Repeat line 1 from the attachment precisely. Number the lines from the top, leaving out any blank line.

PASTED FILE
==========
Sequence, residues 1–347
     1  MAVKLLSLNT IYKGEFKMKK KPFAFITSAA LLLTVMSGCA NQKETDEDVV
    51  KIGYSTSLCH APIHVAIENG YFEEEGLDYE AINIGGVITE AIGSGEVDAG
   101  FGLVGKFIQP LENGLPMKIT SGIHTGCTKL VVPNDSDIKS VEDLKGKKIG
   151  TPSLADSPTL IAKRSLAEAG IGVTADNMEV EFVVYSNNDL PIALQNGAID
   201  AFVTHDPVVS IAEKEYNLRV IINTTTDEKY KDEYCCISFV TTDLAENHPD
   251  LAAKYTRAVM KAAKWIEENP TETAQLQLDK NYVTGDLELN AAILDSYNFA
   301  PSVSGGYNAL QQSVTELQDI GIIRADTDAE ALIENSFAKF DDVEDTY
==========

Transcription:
Sequence, residues 1–347